9 Ways to Prevent Teenage Bullying

Every parent wants their teenager to have friends and a healthy social life, and many parents are heartbroken to find out that their teen is being bullied or that they are bullying someone else. In the most tragic cases, bullying can result in suicide; in less tragic cases, it can result in depression, anxiety, and other mental health conditions that can follow an individual through adulthood. There are some steps you can take to prevent your teen from being a bully and also to stop bullying if it happens to your child. Check out these tips on preventing and stopping teenage bullying.

 

1. Maintain Open Communication

Many parents are surprised when they find out that their teenager is being bullied. Children, especially teens, are often embarrassed about being bullied. It isn’t something they necessarily want to discuss with their parents, their teachers, or any other adults that could help. Instead, they keep it to themselves and might not share what’s going on with anyone. Over time, these bottled up feelings could result in poor grades, aggression, risk-taking behaviors, and even violence toward themselves or others.

Keep an open dialogue with your teen and get to know about the interactions between your teen and their friends. Ask questions like “who do you eat lunch with?”, “what is it like on the school bus?”, and “have you ever seen anyone being bullied?” These types of questions can lead to clues about whether your adolescent is struggling socially.

 

2. Keep Tabs on What’s Going on Online

Cyberbullying is when bullying takes place via electronics, email, texting, or social media. It is increasingly common among teens. One reason is that many teens find it easier to communicate digitally; they don’t have the same inhibitions as they might when they are face-to-face. This can lead to name-calling, impersonating someone else, and other types of bullying.

Keep an eye on what your teenager is doing online. Know what apps they are using and check periodically to be sure that there is nothing alarming going on. For younger teens, consider keeping all electronics in a public area of the home rather than in their bedrooms.

 

3. Nip Teenage Bullying Behavior in the Bud

If you see or hear bullying coming from your child or one of his or her friends, step in and point it out immediately. One reason that teenage bullying often goes on is that nobody stops it when they hear it. This can make the bully feel as though their behavior is acceptable. Call out mean and bullying behavior right away and do not allow it in your home. This includes when it happens between siblings; while teens often do tease their siblings and might banter back and forth, if it begins to take on a mean note or if it seems like harassment, nip it in the bud.

 

4. Have Your Teen Evaluated for Behavioral Disorders

If your teen is acting out with violence, has been in fights at school, has been disciplined for bullying, and shows other signs of aggressive behavior, it is possible that a behavioral disorder is an issue. Take your teen to his or her primary care doctor, who can refer you for an evaluation for a behavioral disorder. This is important whether it has been a lifetime struggle for your child or it is something completely new. A mental health or behavioral specialist might be able to get to the root of the issue.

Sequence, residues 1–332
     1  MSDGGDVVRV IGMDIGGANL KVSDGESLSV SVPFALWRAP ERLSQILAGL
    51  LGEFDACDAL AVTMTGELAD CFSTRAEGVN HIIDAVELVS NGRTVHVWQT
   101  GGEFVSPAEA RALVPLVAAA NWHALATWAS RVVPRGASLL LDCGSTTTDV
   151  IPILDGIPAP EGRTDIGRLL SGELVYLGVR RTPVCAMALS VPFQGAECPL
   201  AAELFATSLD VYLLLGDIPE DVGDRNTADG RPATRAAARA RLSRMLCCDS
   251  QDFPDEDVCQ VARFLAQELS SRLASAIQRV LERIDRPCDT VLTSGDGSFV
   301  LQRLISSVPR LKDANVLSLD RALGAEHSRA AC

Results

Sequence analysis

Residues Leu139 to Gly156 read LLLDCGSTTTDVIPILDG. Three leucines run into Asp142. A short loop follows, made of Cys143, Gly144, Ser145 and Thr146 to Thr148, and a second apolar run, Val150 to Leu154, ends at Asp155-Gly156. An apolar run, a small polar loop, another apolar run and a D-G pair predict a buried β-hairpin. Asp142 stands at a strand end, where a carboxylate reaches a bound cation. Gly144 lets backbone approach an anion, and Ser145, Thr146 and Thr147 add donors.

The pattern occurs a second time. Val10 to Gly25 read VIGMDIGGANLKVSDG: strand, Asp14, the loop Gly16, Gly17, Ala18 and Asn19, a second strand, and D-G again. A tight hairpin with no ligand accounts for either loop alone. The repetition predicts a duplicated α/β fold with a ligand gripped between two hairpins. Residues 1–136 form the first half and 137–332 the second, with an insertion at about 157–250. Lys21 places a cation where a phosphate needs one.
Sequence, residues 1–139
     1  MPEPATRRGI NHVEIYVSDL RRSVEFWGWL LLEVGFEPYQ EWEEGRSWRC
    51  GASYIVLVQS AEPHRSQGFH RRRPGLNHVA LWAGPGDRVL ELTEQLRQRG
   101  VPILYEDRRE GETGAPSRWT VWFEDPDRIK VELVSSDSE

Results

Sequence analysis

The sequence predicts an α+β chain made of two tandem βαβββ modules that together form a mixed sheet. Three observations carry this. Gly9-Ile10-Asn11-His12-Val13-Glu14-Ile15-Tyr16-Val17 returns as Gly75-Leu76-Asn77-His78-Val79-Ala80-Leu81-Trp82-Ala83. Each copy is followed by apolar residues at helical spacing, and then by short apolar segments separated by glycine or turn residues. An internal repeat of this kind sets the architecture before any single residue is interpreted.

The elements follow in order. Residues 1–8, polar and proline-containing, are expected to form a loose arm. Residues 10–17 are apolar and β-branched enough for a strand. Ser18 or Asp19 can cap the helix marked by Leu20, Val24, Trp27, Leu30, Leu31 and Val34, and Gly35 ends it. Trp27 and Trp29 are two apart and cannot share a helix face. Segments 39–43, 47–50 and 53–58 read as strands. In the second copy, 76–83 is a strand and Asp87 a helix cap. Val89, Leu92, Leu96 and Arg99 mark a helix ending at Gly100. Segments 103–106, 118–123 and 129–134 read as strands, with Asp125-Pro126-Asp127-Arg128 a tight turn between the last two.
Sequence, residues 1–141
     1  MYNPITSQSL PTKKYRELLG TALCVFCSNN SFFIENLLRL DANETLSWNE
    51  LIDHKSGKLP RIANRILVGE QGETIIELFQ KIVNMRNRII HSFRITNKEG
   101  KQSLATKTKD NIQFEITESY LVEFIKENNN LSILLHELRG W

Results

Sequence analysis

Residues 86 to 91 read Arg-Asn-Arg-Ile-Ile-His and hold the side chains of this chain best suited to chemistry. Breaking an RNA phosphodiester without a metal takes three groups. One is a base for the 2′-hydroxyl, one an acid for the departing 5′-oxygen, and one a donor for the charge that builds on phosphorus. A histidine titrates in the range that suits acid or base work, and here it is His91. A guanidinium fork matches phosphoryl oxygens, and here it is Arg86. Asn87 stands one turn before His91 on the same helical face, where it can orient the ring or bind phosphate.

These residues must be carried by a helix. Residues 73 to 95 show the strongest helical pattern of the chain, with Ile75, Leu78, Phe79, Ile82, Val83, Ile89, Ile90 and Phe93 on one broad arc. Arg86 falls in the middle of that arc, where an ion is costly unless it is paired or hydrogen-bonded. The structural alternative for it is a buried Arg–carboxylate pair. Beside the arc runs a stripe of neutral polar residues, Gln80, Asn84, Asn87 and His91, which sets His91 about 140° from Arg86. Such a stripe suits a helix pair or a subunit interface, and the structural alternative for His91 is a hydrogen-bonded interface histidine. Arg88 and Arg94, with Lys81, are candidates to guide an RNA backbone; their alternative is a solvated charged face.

5. Find Out About the School’s Bullying Protocol

Check your teen’s middle school or high school handbook to find out what the anti-bullying policy is at the school. Each school should have a protocol in place for students who witness or are victims of bullying. If you’re concerned, contact the school’s guidance counselor or assistant principal to find out the steps you can take within the school to stop teenage bullying when it occurs.

 

6. Get the Authorities Involved

If the school is not helpful or if bullying has turned into a physical assault, stalking, or harassment, you can go to the local authorities for help. In many cases, bullying is illegal. It is better to report teenage bullying now while the teen is still a juvenile. If they continue the behavior through adulthood, they will have much larger consequences for illegal bullying behavior.

 

7. Remove Your Child From the Environment

If your teen is in danger due to teenage bullying, you will need to do what is necessary to keep him or her safe. Remember that the mental effects of bullying are often worse than the physical effects; bullying can cause a teen to consider, attempt, or follow through with suicide or violence toward others. If he or she is being bullied in school, you might need to take the step of switching schools or allowing your teen to homeschool or take his or her courses online.

Talk to your teenager about this possibility and see what his or her feelings are on the matter. Some teens won’t want to leave their current school, and if this is the case, you should do what you can to make the school safer for your teen. If he or she is eager to get out of that environment, however, look into the options available and make the choice that is right for your family.

 

8. Seek Mental Health Treatment

If your teen has been bullied or is bullying others, it is important to seek the appropriate mental health care that will allow them to overcome the issue and move on. An adolescent who has struggled with bullying will often become an adult who carries those scars through their life, struggling with the social interactions necessary for a fulfilling and productive adulthood. A teen who has been bullied might suffer from low self-esteem that affects various relationships and career opportunities. A teen who bullies might become an abusive spouse or find themselves in legal trouble later in life. Step in if you suspect bullying and help your teen get past this stage in his or her life.

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